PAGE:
What I did to help myself: I developed a plan of action. I had a plan A, B and C. I learned this from my sisters cancer journey. She was very brave and I think it helped her stay positive. Her plan C was the contingency plan, if things didn’t go well. It’s always good to have a plan and to be willing to change course if the first plan doesn’t work.
I did a lot of research about treatment options, I asked a lot of questions. I was my own healthcare advocate. If you don’t have one, if you don’t have medical knowledge, get one. I was lucky that I immediately felt very comfortable with my gyn-onc and did not feel the need for a second opinion. Get a second opinion and find someone that can help you navigate the health insurance nightmare. It takes a lot of stress off of you, the cancer patient, so you can focus on healing and thriving and not stressful financial issues.
I read books and I kept busy. I read “The Light Within,” which is a book about a gyn-onc doctor at MD Anderson, one of her cervical cancer patients and their relationship. It was a book I could relate to as both a patient and provider. I also read “You have Cancer - Moving From Fear to Hope" - Hope after cancer is important. It helps you come to terms with cancer and it helps you move forward.
My life after cancer: Things are not the same but they are good. At the time I felt like I was climbing a mountain but now it feels like a mole hill. I’m still sad about not being able to grow my family but I have to count my blessings because I have two healthy kids and a stepdaughter with grandkids. Aging seems to have come quicker because of hormone changes and sex is not the same but we get by. I’d be lying if I said I didn’t wish I could go back in time and change some of the decisions I made or wish I could have figured out a way to get the Gardisil vaccine when I was younger. But lucky for me, just after my cancer surgery the Gardasil vaccine was approved up to age 45. I got that shot as soon as I could!
Recovery took longer than expected but with patience things returned to “normal.” I did yoga for the first year after cancer surgery and started back to running slowly. I still struggle with interstitial cystitis but things are much better. I was just told after my last visit instead of every six months I can come annually and hopefully after that every 2-3 years!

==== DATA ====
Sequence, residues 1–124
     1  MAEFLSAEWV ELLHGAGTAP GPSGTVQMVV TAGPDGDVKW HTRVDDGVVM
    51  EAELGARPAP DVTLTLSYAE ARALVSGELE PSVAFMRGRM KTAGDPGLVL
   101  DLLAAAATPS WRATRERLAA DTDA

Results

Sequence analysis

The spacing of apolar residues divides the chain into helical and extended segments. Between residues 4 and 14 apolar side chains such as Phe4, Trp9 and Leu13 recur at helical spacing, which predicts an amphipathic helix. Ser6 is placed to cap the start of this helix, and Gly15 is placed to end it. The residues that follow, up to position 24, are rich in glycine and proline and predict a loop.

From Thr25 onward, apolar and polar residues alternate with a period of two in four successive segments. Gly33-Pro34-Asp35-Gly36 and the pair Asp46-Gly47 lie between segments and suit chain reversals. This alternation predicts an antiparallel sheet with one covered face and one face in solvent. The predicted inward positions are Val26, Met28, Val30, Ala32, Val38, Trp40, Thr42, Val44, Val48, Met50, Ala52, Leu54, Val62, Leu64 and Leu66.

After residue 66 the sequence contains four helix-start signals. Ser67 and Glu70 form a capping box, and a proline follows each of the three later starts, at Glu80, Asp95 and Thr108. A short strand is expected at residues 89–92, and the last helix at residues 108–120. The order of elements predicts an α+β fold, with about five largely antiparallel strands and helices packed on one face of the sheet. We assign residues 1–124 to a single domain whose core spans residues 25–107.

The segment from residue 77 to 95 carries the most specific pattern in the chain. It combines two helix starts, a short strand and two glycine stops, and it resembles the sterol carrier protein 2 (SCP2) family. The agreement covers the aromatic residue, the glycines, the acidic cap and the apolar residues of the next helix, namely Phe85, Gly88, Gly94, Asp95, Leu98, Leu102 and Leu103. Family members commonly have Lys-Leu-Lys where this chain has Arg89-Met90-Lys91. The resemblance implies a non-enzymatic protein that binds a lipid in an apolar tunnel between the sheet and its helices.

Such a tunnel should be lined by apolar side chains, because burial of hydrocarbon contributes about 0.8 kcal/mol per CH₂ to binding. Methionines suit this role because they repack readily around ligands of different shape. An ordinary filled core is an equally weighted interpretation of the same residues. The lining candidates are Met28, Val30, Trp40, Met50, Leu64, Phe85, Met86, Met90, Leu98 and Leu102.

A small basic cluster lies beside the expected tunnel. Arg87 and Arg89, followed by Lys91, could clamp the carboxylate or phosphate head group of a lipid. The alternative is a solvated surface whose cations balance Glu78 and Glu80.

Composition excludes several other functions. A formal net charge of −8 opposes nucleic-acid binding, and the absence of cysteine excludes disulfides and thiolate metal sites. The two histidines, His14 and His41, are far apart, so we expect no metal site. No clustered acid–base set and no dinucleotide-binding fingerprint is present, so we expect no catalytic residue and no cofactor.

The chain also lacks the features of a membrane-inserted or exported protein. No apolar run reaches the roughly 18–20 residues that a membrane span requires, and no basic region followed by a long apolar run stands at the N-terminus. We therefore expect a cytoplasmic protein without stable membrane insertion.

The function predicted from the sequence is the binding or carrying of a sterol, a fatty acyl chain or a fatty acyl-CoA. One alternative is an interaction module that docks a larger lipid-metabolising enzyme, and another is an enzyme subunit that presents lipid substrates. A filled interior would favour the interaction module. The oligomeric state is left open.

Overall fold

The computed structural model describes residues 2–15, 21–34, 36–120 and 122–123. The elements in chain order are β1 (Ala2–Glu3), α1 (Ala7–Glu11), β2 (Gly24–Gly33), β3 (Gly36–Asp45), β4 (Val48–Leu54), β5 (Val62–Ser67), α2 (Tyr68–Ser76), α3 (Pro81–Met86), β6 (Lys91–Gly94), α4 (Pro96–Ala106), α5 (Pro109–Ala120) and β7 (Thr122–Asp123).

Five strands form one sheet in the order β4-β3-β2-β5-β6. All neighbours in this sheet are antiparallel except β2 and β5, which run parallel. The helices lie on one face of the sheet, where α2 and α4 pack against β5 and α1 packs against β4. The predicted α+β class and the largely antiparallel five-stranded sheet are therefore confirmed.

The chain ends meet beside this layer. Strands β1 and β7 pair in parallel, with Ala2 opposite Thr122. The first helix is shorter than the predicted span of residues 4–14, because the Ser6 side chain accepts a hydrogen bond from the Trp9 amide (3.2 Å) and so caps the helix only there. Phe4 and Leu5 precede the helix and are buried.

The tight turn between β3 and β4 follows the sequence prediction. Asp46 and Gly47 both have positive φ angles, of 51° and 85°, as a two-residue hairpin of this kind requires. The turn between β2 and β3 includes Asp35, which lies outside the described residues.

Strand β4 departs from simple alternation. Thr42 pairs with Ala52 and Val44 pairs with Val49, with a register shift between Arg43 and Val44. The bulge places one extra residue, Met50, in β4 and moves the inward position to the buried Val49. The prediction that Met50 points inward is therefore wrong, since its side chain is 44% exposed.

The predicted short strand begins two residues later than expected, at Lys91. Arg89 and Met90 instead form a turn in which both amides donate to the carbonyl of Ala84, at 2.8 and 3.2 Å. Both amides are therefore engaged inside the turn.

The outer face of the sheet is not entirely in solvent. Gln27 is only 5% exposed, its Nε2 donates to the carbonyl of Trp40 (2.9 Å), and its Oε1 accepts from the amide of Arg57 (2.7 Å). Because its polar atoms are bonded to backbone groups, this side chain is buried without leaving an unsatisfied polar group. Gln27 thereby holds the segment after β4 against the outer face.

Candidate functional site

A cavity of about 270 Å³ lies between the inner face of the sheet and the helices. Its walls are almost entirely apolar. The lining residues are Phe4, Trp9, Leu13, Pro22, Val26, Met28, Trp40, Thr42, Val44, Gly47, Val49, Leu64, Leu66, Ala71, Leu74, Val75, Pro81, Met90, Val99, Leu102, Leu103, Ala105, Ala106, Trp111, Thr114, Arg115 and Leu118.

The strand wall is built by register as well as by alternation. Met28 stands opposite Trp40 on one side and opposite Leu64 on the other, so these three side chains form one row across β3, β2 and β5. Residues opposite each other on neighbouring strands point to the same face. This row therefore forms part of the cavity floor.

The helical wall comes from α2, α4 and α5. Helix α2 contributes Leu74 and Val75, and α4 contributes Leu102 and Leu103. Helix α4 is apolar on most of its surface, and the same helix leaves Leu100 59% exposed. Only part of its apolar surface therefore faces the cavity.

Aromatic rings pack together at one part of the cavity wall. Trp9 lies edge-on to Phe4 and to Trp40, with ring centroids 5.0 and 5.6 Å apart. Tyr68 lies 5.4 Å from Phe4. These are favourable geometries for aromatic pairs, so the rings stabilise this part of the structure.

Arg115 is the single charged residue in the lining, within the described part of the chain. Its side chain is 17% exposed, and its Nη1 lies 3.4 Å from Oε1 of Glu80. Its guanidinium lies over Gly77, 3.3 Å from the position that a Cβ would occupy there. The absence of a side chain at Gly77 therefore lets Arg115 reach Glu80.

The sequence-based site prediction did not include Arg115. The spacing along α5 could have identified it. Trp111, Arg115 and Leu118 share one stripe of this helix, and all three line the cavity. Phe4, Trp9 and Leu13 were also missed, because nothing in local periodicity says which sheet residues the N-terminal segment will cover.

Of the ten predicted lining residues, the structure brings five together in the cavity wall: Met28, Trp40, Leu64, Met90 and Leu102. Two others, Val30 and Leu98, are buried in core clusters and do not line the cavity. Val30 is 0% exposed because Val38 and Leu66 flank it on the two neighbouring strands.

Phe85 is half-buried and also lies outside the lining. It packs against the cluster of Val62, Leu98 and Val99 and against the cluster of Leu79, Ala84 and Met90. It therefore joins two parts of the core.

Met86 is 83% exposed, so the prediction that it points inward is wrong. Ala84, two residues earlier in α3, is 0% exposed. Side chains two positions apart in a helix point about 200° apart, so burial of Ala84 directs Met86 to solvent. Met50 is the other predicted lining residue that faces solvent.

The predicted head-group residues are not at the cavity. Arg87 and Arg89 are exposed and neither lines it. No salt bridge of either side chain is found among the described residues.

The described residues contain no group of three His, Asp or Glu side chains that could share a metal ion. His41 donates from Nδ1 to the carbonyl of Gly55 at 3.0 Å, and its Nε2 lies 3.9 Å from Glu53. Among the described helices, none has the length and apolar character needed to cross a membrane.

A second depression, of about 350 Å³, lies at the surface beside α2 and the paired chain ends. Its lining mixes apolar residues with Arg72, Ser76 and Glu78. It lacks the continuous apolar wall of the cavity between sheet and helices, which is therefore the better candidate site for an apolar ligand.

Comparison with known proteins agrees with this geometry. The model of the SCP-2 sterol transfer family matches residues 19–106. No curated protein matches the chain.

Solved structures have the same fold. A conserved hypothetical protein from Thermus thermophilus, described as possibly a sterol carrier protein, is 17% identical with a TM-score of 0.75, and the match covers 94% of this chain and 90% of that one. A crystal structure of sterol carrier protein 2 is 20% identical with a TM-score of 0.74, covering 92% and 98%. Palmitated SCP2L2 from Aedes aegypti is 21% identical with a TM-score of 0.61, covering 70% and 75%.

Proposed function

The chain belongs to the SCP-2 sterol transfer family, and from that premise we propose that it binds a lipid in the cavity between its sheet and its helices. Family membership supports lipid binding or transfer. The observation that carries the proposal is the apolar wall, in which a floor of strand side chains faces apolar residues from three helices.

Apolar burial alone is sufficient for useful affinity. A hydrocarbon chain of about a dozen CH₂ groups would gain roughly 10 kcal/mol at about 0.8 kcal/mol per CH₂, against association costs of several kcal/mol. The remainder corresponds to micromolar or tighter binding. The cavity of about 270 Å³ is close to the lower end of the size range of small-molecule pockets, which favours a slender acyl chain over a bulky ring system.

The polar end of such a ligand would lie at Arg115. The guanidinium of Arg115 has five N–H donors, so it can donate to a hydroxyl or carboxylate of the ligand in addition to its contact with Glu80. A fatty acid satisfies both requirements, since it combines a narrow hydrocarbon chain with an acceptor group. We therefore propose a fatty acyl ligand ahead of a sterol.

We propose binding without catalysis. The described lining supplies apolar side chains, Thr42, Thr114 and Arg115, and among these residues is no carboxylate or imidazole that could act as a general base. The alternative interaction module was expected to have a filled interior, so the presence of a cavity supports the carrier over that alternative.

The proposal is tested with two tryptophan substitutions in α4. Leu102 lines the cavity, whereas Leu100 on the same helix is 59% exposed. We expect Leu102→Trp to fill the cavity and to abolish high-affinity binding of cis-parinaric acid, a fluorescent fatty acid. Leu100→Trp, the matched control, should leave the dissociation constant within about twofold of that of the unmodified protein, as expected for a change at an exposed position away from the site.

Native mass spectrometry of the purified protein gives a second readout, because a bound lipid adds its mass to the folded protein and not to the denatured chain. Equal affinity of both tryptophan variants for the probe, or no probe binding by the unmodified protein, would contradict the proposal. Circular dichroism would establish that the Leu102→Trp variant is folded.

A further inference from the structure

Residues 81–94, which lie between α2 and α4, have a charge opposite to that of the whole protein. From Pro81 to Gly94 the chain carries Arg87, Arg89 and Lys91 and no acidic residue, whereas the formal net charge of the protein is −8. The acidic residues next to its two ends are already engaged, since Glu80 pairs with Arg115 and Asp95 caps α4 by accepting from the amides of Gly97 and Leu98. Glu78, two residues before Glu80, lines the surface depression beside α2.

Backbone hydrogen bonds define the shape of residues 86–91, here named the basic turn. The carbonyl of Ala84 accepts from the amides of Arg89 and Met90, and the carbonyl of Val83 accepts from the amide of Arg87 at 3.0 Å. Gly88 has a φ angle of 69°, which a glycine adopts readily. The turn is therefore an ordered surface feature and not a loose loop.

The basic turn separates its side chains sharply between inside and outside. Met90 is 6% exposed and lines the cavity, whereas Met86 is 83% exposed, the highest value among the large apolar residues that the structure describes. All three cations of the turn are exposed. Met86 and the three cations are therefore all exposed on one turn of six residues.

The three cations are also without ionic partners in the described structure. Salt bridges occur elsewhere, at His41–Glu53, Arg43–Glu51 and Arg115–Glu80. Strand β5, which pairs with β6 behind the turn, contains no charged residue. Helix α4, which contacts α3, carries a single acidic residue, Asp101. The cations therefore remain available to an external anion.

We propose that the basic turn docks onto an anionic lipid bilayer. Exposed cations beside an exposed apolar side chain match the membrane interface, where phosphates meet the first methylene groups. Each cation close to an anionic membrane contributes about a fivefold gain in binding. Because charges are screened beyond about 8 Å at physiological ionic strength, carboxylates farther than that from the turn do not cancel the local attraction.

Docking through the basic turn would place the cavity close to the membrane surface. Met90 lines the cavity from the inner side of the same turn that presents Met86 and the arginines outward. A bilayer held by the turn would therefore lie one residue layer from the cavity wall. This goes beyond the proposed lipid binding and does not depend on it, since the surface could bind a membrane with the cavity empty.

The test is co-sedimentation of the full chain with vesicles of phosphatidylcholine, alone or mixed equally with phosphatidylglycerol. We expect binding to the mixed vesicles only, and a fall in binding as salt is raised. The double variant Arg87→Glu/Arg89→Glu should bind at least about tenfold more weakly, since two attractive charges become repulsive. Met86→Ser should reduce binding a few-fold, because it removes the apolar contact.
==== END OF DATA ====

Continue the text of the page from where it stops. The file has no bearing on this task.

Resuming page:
Where I am today: I still struggle. I have interstitial cystitis related to my cancer surgery. I have to pee twenty times a day and have to get up at night. It’s a wonder I have not legit hurt myself walking to the toilet at night feeling like a zombie. I had some bladder irrigation treatments that helped and have tried some holistic remedies like aloe supplements and menopause vitamins. It seems that exercise actually makes the cystitis worse but I’m not willing to give that up yet. I’m still seeing urology regularly but gyn-onc appointments are annual now.
What I want other women to know: None of us know when our journey is going to end. Cancer is heartbreaking and it’s hard but even during the toughest of journeys, have hope and stay positive. Ask for help! There are good people in this world despite what the news and social media will tell you, people want to be there for you!
Everyone has challenges, we all have struggles but through this we gain strength. Have faith, read, challenge yourself. It’s hard to look at cancer and see that something good will come from these hardships but if you believe as my sister did that, “God has a plan for all of us, it’s going to be ok.” This battle is something you can get through. Believe that. You have infinite strength and you are loved.
How I will try to help others: I would love to mentor others who are going through the same thing. I also love to teach and hope one day I can contribute in some way to educating others about cervical cancer.
I work as a PA in Pediatrics and I am grateful that in my practice the Gardisil vaccine is widely available and parents are receptive to their children receiving it. I don’t tell people my personal story but when I get to talk about cancer, it hits home. My kids will be vaccinated and I hope with vaccination others don’t have to go through what I did due to HPV.